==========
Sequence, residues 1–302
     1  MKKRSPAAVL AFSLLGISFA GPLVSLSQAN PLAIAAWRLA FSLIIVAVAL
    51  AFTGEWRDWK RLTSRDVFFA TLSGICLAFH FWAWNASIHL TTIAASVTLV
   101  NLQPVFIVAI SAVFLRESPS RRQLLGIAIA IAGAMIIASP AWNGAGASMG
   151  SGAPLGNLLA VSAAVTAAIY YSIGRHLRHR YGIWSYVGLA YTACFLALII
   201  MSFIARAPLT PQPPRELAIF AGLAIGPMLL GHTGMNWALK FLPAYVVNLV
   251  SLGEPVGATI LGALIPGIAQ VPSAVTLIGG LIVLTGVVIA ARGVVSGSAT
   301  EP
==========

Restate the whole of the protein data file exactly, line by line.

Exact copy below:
Sequence, residues 1–302
     1  MKKRSPAAVL AFSLLGISFA GPLVSLSQAN PLAIAAWRLA FSLIIVAVAL
    51  AFTGEWRDWK RLTSRDVFFA TLSGICLAFH FWAWNASIHL TTIAASVTLV
   101  NLQPVFIVAI SAVFLRESPS RRQLLGIAIA IAGAMIIASP AWNGAGASMG
   151  SGAPLGNLLA VSAAVTAAIY YSIGRHLRHR YGIWSYVGLA YTACFLALII
   201  MSFIARAPLT PQPPRELAIF AGLAIGPMLL GHTGMNWALK FLPAYVVNLV
   251  SLGEPVGATI LGALIPGIAQ VPSAVTLIGG LIVLTGVVIA ARGVVSGSAT
   301  EP